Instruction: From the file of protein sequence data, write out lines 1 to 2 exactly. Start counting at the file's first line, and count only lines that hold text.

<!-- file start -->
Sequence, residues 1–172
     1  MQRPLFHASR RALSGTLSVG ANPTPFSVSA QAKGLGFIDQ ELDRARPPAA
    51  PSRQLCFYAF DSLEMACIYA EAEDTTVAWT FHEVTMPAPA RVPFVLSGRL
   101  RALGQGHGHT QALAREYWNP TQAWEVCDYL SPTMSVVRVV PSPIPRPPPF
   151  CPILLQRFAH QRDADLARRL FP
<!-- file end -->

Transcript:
Sequence, residues 1–172
     1  MQRPLFHASR RALSGTLSVG ANPTPFSVSA QAKGLGFIDQ ELDRARPPAA